‘My Year of Rest and Relaxation’ takes honest look at mental health

Year of Rest

Penguin Random House

Andriana Kourkoumelis

“My Year of Rest and Relaxation” by Ottessa Moshfegh published in 2019, follows an unnamed 20-something-year-old protagonist in New York City struggling with depression while trying to find her own identity.

She is an art gallery assistant who attended Columbia University, but has since graduated with a degree in art history.

Despite her education, career, luxury apartment and looks, she finds herself done with life and extremely alone. She is an orphan; both of her parents died during her time in college. The protagonist uses her inheritance to fund her lifestyle.

“Our narrator should be happy, shouldn’t she?,”  a blurb about the book from Penguin Random House noted. “But there is a dark and vacuous hole in her heart, and it isn’t just the loss of her parents, or the way her Wall Street boyfriend treats her, or her sadomasochistic relationship with her best friend, Reva. It’s the year 2000 in a city aglitter with wealth and possibility; what could be so terribly wrong?”

After quitting her job at the art gallery, she embarks on a journey of a year’s worth of rest, which entails never leaving her apartment and continuously being under the influence of a variety of sleep medications.

Her closest friend, Reva, who the protagonist dislikes, idolizes her and attempts to convince the main character to give up on her death wish.

Her dislike of Reva is very powerful in depicting how self-hatred can ruin relationships, no matter how close or important a person may be.

“This is a very accurate depiction of depression—you feel the main character’s monotony, the lethargy, the pointlessness of it all,” one reviewer wrote on Goodreads. “As someone who copes with depression by sleeping an excessive amount, I understood where she was coming from, and picked up this book out of curiosity to see what happens when someone submits to that nihilistic desire to not associate with the world anymore.”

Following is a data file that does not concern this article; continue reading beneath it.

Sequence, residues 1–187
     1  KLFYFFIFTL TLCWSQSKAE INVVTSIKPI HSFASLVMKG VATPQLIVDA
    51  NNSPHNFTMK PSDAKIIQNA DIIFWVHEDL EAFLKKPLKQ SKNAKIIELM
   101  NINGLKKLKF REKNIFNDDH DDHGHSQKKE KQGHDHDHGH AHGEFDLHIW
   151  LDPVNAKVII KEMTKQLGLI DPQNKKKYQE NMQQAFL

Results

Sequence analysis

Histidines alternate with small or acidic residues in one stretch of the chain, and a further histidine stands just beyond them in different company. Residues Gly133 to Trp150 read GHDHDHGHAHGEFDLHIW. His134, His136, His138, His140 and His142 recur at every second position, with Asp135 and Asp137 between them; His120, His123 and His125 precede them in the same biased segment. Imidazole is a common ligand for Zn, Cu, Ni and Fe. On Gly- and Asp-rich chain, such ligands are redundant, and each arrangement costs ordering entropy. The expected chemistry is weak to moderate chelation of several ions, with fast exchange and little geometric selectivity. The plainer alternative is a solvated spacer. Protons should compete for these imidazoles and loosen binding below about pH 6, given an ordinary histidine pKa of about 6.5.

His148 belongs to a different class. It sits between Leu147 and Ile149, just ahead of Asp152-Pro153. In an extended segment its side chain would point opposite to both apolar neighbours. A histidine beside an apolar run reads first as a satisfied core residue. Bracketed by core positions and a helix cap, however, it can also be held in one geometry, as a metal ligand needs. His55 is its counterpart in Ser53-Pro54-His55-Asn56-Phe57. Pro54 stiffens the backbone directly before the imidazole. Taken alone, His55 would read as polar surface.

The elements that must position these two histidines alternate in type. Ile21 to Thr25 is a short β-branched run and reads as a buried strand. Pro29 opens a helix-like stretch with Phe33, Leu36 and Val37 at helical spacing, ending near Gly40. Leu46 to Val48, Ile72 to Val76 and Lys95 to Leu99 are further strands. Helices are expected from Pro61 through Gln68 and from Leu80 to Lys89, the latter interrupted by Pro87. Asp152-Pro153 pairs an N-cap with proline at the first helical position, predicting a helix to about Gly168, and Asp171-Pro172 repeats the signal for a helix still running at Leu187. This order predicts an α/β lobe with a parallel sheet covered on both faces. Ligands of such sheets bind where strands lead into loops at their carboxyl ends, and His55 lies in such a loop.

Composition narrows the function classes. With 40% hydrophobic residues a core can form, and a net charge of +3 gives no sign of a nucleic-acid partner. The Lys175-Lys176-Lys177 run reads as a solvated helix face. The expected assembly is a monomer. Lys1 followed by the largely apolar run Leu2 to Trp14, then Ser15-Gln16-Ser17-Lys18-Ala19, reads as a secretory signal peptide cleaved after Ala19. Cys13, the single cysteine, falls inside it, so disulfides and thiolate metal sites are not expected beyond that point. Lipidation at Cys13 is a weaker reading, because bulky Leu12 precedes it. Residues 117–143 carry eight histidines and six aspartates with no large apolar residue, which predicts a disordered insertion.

As the main character constantly drifts in and out of daily life in an attempt to simulate death, she is painted as insufferable and unlikable.

The novel displays a raw and gruesome look into the reality of mental illness and the lengths one could go to soothe their pain.

The protagonist believed a hibernation would be the only way to rid herself of all her negative emotions, so she went about this plan dangerously, not caring that it may cost her her life.

While the protagonist constantly hurts herself and others, she is consumed by her own thoughts and desire to constantly be asleep, leading to her frequent dissociations throughout the plot.

The graphic language, detailed descriptions and sensitive topics strung throughout are clearly stylistically used to focus on the idea that the mind can be detrimental to itself and drive anyone insane.

Moshfegh writes with shock value in mind. She usually highlights an unlikable, or “socially unacceptable,” female character.

In “My Year of Rest and Relaxation,” Moshfegh’s  writing style is clearly translated and allows the reader to  become invested in this odd and somewhat uncomfortable story line.

The originality of her writing is admirable and unique. She is unafraid to break the stereotype of what a woman should be like or how she should feel.